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Nigeria is one of the largest economies in Africa, it is a mixed type of economy combining state-owned and private enterprises. Nigeria's GDP in 2020 amounted to 152,32 trillion Naira, over 400 billion U.S. dollars
Nigeria is the 17th African country with the highest GDP per capita and the first in terms of overall GDP. The GDP per capita is computed by dividing a country's GDP by its population. As a result, a populous country with a low total GDP will have a low GDP per capita, whereas a small rich nation will have a high GDP per capita. Nigeria is one of the most populous countries in Africa (206 million people), thus, its wealth must be distributed among the people.
1 January- New Year's Day
15 April- Good Friday
18 April- Easter Monday
1 May- Labour Day
2 May- Eid al-Fitr
12 June- Democracy Day
9 July- Eid al-Adha
1 October- Independence Day
7 October- Prophet's Birthday
25 December- Christmas Day
26 December- Boxing Day
The national minimum salary for federal workers in Nigeria is ₦ 30,000, which is equivalent to around $72.
Payroll in Nigeria is done monthly, biweekly, or weekly. Salary payments must be made at least once a month, there are no legal obligations regarding 13th-month wage payments. Bonuses, on the other hand, are prevalent at the discretion of the employer.
Rates of taxation. Taxable income is taxed at graduated rates ranging from 7% to 24%, depending on the income band. The same tax rates apply to non-residents as they do to inhabitants. Individual income is currently taxed at a maximum rate of 24 percent.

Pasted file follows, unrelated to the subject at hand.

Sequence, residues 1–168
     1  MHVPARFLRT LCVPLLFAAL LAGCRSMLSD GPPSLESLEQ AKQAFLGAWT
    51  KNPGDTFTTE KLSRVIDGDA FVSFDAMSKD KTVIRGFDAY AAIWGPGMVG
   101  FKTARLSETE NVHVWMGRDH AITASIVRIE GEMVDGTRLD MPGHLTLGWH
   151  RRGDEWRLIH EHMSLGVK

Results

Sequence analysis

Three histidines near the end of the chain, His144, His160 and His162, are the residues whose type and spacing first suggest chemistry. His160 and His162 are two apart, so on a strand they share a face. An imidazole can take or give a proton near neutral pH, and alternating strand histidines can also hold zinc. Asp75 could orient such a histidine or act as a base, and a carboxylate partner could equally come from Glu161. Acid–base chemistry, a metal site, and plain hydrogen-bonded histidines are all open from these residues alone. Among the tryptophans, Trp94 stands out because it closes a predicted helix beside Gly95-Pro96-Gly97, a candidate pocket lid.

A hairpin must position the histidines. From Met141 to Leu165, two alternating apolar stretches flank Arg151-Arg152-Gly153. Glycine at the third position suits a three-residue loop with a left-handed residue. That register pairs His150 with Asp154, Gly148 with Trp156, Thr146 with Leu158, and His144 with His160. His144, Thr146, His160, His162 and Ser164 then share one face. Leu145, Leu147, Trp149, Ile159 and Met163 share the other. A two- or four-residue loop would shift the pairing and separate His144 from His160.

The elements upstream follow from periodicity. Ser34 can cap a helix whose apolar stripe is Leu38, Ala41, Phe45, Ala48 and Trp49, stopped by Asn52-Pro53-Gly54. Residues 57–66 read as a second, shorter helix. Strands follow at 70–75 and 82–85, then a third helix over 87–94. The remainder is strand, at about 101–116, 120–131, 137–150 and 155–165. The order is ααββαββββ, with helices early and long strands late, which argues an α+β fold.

A worker is entitled to at least six days of paid yearly leave annually. For young workers (those under the age of 16), including apprentices, annual leave is increased to at least 12 working days.
Female employees are entitled to 12 weeks (4 months) of maternity leave to cover both the pre-and post-partum periods with a 50% pay. Maternity leave may begin six weeks before birth if a medical certificate from a certified health practitioner confirms that confinement will occur within six weeks. In addition, nursing moms are allowed 30 minutes of breastfeeding time twice a day. The law does not specify the age of a child at which mothers are entitled to breastfeeding breaks. Employees are entitled to this benefit after six months of continuous service with the company.
In 2021, the Nigerian government approved 14 days (2 weeks) paternity leave for new fathers to bond with their children.
Workers are entitled to a maximum of 12 days of fully paid sick leave each year. A registered medical practitioner must certify the patient's illness to qualify for sick leave.
Nigerian employers have the right to terminate a contract of employment at any time and without giving a justification or cause, provided that the employee receives appropriate notice of termination or is paid a wage in place of such notice.
The required notice period for terminating an employment contract is determined by the duration of service. For service of three months or less, the notice time is one day; for service of more than three months but less than two years, the notice period is seven days (one week). For service of two to five years, the notice period is 14 days (two weeks); and for service of five years or more, the notice period is one month.
Redundancy pay is required for employees covered by the Labor Act. However, the sum to be paid is not specified in the law. Severance pay is determined by the employment agreement for employees who are not covered by the Labor Act.
Probation durations are established in the employees' employment contract/collective agreement; there is no legal obligation for a probation period.